College and Financial Aid
A college education is very important, but it is increasingly difficult for students to afford the rising costs. College tuition and fees have been rising more rapidly than household income over the past 2 decades, making it increasingly difficult for students that finance their own education to attend college. The federal government does administer a number of financial aid programs that include student loans, grants and work study programs. Foremost among these programs is the Federal Pell Grant program. In Fiscal Year 2004 more than 5 million undergraduates received financial assistance through this program. The federal TRIO programs and the Gaining Early Awareness and Readiness for Undergraduate Program (GEAR UP) are two additional critical programs which provide services and incentives to disadvantaged students to help increase their secondary or postsecondary educational attainment.
Senator Leahy is a strong supporter of increased federal funding for higher education, including for Pell grants, Federal work-study, TRIO and GEAR UP, LEAP and many other essential programs. The Senator also supported the Taxpayer Relief Act of 1997 which provided the largest investment in higher education since the G.I. Bill in 1945. Intended to give tax relief to middle class families, the centerpieces of this legislation are Hope Scholarship Credits, providing up to $1,500 for the first two years of college, and Lifetime Learning Credits, allowing a 20 percent tax credit for subsequent years.
Special education and early intervention are essential in helping children with disabilities to develop and live quality lives. Senator Leahy has always strongly supported the Individuals with Disabilities Education Act (IDEA) and its commitment to ensuring that children with disabilities have access to an appropriate public education. While the federal government has increased the amount of special education costs it funds, the current amount is still far less than the 40 percent allowed under IDEA.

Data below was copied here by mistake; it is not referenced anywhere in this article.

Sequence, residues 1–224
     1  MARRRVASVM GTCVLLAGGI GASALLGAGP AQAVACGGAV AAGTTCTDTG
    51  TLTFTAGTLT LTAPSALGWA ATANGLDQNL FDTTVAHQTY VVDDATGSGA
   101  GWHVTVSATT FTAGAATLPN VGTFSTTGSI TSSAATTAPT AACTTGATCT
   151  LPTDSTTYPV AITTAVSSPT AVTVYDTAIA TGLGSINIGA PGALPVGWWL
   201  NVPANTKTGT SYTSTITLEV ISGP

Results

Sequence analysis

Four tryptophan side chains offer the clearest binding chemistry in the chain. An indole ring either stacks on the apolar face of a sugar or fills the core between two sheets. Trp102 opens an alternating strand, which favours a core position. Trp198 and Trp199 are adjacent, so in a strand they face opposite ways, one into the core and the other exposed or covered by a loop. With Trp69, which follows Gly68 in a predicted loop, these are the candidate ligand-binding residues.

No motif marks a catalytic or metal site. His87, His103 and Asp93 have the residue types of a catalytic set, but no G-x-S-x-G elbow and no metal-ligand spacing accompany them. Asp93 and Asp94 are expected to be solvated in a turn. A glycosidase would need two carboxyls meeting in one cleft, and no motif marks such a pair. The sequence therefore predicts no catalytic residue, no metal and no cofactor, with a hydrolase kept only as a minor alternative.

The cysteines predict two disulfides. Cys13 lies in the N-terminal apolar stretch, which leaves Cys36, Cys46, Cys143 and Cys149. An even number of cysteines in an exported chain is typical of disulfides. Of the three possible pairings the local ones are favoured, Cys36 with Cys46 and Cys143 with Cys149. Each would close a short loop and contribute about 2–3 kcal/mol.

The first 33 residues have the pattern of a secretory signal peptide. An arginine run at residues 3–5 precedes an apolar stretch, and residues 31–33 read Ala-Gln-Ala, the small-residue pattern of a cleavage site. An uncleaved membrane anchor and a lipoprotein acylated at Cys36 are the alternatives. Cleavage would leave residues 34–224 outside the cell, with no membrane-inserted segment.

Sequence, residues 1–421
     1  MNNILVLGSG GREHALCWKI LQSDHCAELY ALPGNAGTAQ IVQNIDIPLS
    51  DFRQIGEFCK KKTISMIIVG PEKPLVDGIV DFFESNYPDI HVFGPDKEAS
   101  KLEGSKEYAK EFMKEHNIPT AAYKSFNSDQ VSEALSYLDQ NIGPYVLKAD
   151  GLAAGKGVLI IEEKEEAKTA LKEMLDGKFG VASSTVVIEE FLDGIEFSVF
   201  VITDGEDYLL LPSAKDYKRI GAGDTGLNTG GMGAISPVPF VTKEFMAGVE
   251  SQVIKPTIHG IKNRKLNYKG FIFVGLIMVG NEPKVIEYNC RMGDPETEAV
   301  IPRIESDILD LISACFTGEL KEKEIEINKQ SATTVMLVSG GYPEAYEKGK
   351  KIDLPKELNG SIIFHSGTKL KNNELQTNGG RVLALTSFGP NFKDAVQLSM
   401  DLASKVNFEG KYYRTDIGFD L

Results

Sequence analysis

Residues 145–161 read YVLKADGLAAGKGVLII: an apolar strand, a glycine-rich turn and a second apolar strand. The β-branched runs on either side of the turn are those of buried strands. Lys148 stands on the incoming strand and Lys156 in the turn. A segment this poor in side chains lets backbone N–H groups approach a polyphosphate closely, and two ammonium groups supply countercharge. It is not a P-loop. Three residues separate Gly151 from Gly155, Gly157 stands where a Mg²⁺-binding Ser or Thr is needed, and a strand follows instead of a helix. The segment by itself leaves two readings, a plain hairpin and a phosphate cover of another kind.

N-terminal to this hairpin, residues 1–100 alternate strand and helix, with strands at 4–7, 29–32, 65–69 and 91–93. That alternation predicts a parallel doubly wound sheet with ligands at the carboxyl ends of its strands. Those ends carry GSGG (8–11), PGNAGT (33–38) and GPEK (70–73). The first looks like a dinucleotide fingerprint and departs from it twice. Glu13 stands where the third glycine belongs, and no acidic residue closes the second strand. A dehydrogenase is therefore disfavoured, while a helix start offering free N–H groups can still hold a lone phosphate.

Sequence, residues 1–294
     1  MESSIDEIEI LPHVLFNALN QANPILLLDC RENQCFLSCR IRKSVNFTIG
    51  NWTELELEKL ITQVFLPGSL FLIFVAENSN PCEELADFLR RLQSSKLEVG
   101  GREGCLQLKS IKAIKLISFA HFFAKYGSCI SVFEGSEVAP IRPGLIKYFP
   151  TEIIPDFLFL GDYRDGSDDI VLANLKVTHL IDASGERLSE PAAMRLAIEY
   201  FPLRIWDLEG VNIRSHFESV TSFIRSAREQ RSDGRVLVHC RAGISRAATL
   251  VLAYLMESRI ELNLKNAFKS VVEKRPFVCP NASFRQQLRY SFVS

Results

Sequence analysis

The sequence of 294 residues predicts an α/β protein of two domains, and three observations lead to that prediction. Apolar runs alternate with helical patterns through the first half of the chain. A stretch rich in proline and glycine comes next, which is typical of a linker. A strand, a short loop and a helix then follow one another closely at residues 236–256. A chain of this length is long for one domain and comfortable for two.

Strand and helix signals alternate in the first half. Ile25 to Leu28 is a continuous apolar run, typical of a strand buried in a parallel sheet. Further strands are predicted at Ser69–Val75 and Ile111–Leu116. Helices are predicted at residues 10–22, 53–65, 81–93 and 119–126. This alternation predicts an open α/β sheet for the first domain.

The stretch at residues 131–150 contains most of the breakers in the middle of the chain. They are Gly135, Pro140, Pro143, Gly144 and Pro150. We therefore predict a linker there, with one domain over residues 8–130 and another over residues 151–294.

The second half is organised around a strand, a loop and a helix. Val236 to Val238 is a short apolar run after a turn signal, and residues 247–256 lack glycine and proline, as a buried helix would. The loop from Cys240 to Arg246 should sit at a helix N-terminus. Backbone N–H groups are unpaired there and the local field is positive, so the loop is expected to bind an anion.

The Fight for Full Funding of Special Education
On May 12th, 2004, the Senate considered a bill to reauthorize the Individuals with Disabilities Education Act. Because the Senate did not live up to its responsibility of fully funding IDEA during recent consideration of reauthorization of IDEA, Senator Leahy voted against this bill. The federal government must provide additional funding for special education in order to fulfill its commitment to IDEA and to ease the burden on states and local districts. On Mat 1st, 2006, Senator Leahy joined with more than 40 other senators in writing to the Chairman and Ranking Member of the Appropriations Subcommittee on Labor Health and Human Services and Education requesting that the Senate take a step toward filling their commitment to IDEA by appropriating the highest level of funding for IDEA this year. The President requested only $10.68 billion for IDEA this year despite the stated commitment of Congress to fund IDEA at $16.9 billion for Fiscal Year 2007.